Chapter 7: Revolutionary Resolve

As the road started to dissolve into oblivion and each landscape morphed into another, the two young adventurers, Ernesto ‘Che’ Guevara and his best friend Alberto Granado, felt a tug in their stomach. The end of their euphoric journey across South America was near. They found themselves in the bustling heart of Caracas, Venezuela, a city smudged with the hues of paradoxical poverty and affluence.

Their old, beaten motorcycle- La Poderosa, a potent symbol of their adventurous spirit and stubborn resilience, stood silent – a mute spectator to a changing destiny. The motorcycle, which was once an emblem of their freedom, was now just a reminder of ironies they had witnessed in the vast landscapes of South America.

In standing here at the edge of their journey, Che was on the brink of a significant transformation, a metamorphosis induced by countless experiences and residues of the past. He had witnessed the stark abyss of poverty, the tarnished glow of riches, and the plight of the oppressed. Each encounter was not a transient passage of time but a seed sown deep into the fertile soil of Che’s consciousness.

The memories of the impoverished miners up in the cold Andean mountains were still fresh in their minds, resonating with images of man’s fight against nature and the struggle for survival. The visit to the San Pablo leper colony had unfolded a panorama of societal stigma and discrimination that continued to haunt them. The strength of the lepers, fighting not just the disease but also the societal ostracism, had ignited a blazing fire of rebellion in Che.

In the heart of the Amazon, they had encountered the exploited Quechua people, their spirits crushed under the weight of the oppressive rubber industry. Che had felt their despair seeping into his veins, their dreams, stripped bare, mirrored in his teary eyes. Every smile, every tear, every dimly lit hope was etched into his soul, becoming an indelible part of his existence.

The bustling city of Caracas served as a contrasting backdrop. The city’s vibrancy couldn’t mask the deep fissures of class disparity. Here, the elite relished luxury while the poor languished in squalor. The sharp divide was a physical manifestation of society’s moral decay and the need for a change.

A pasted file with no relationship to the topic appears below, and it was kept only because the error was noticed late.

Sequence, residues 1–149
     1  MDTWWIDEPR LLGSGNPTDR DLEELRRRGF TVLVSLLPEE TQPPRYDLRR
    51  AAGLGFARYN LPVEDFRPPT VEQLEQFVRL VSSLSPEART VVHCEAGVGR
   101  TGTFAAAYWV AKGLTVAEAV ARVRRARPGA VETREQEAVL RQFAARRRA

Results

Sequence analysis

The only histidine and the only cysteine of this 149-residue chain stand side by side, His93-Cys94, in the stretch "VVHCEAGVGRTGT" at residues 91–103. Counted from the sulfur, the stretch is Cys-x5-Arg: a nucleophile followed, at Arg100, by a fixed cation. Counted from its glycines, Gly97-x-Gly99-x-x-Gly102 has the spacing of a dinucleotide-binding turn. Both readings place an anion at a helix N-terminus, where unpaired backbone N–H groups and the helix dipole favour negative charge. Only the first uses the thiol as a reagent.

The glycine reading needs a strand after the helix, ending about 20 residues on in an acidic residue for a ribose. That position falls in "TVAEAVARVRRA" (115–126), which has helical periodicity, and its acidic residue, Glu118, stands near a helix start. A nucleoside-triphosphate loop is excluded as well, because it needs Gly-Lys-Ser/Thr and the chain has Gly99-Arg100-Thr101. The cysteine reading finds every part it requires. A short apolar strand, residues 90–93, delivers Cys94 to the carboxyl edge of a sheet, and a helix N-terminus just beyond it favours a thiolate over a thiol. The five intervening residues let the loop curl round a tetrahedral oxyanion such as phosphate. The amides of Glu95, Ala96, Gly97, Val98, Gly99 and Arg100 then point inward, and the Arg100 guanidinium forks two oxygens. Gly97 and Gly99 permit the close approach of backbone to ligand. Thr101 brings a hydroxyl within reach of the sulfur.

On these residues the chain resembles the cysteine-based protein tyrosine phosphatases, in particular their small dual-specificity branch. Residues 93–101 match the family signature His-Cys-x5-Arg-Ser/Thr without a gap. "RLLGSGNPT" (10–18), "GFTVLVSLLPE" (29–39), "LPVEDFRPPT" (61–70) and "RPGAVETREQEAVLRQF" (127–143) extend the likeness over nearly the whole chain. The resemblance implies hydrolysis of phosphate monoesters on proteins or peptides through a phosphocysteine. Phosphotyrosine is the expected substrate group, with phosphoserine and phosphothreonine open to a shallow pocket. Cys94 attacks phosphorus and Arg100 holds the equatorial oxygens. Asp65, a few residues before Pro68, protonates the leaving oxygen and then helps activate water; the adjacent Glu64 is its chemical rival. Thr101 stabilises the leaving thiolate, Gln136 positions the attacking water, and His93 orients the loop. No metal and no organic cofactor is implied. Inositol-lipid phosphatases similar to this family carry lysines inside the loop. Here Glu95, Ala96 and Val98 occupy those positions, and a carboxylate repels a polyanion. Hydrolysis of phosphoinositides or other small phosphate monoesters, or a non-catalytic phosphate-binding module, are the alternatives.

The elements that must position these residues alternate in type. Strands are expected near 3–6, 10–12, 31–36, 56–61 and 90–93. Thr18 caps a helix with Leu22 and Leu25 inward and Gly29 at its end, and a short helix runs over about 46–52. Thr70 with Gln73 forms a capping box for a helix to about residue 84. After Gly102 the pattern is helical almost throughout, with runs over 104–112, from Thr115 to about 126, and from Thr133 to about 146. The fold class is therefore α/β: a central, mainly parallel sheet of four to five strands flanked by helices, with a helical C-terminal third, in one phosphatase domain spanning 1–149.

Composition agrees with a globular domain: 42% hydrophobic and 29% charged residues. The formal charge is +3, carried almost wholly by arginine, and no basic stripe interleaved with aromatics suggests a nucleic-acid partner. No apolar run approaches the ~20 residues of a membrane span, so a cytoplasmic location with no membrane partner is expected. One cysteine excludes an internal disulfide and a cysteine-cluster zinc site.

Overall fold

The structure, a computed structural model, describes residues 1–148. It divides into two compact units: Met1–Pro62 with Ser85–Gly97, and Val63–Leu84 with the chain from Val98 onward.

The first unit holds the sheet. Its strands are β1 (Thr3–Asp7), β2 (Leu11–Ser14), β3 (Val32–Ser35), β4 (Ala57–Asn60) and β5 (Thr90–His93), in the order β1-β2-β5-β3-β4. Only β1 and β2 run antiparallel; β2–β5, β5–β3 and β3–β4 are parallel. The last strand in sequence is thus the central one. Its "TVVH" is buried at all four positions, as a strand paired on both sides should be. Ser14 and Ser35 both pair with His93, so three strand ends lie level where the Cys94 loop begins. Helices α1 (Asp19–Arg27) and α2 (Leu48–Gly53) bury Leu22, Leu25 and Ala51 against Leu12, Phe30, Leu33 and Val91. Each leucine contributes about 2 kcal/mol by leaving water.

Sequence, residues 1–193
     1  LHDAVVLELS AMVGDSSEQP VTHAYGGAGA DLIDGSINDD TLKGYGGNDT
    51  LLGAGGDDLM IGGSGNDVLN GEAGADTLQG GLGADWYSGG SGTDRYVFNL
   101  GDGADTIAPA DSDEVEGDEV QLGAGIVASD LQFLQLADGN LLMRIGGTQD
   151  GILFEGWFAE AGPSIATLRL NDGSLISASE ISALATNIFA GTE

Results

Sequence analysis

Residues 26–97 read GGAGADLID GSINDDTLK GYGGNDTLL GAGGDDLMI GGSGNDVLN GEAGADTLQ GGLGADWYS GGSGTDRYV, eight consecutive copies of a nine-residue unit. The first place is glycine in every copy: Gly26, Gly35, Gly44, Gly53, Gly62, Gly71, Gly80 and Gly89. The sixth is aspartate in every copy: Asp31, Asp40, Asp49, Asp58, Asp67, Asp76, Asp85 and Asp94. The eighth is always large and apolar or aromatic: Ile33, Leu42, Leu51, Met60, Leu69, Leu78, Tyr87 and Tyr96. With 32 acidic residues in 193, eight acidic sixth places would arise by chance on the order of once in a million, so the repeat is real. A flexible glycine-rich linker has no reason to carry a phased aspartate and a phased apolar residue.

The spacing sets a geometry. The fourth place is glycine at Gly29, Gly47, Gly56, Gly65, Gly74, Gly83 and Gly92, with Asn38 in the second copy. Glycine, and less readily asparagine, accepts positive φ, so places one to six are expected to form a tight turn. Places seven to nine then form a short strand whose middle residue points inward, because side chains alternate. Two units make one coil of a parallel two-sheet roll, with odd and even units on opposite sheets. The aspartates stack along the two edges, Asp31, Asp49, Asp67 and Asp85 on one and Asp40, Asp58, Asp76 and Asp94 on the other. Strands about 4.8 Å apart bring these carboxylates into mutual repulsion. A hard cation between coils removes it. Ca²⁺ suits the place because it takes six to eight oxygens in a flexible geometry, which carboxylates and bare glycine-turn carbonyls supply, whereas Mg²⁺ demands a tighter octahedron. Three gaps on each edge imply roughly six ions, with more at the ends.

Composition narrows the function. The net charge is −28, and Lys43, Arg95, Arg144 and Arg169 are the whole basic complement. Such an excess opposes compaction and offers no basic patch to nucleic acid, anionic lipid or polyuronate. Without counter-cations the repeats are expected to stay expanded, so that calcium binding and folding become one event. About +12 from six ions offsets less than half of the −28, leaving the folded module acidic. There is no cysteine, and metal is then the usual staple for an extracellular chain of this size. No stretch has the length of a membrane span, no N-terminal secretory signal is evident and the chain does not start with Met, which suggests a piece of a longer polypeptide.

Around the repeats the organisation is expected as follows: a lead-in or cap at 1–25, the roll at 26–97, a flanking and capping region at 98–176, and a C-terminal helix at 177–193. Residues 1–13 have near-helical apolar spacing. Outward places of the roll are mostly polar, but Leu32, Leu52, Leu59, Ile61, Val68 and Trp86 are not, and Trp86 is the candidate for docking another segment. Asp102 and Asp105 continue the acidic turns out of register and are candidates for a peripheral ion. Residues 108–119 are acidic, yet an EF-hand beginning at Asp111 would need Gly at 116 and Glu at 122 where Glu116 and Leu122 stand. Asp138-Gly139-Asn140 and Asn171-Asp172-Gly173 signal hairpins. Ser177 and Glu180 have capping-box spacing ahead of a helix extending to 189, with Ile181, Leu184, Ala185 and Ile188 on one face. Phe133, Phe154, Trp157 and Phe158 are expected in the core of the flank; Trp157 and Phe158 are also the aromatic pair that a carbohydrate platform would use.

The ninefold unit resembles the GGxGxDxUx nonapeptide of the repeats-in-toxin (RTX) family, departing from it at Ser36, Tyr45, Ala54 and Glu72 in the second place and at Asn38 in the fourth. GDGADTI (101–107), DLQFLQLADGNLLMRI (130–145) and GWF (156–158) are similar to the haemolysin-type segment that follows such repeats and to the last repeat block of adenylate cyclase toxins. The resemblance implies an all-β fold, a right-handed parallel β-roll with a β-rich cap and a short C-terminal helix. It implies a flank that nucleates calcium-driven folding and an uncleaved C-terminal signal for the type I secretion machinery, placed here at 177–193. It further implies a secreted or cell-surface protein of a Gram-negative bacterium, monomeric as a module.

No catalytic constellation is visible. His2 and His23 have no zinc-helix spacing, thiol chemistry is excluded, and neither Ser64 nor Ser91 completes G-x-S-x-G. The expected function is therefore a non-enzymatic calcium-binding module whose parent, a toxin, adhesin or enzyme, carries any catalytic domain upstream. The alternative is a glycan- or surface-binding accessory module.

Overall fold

“Alberto, we’re not just standing at the end of our journey. I believe we’re standing on the precipice of a revolution,” Che’s voice was filled with a profound resolution. Alberto looked at his friend, his eyes shrouded with concern, but he remained silent, knowing too well the fiery spirit of Che couldn’t be quenched.

At this defining moment, Che felt a calling. His medical training and his inherent empathy for the downtrodden had awoken within him a sense of purpose, a desire to rectify these wrongs. He yearned to be the catalyst that would set off a chain reaction, resulting in a systemic change in society.

A symphony of thoughts played in Che’s mind. Each thought was a powerful note, contributing to an overwhelming melody of revolution. It was a tune that promised of battles, sacrifices, and eventual victory. It was the birth of a revolutionary resolve, a commitment that would alter the course of history.

The days that followed marked the parting of ways for Che and Alberto. Alberto decided to return to Argentina, his heart heavy with the memory of their shared journey, while Che, with a newfound sense of purpose, decided to stay behind in Caracas.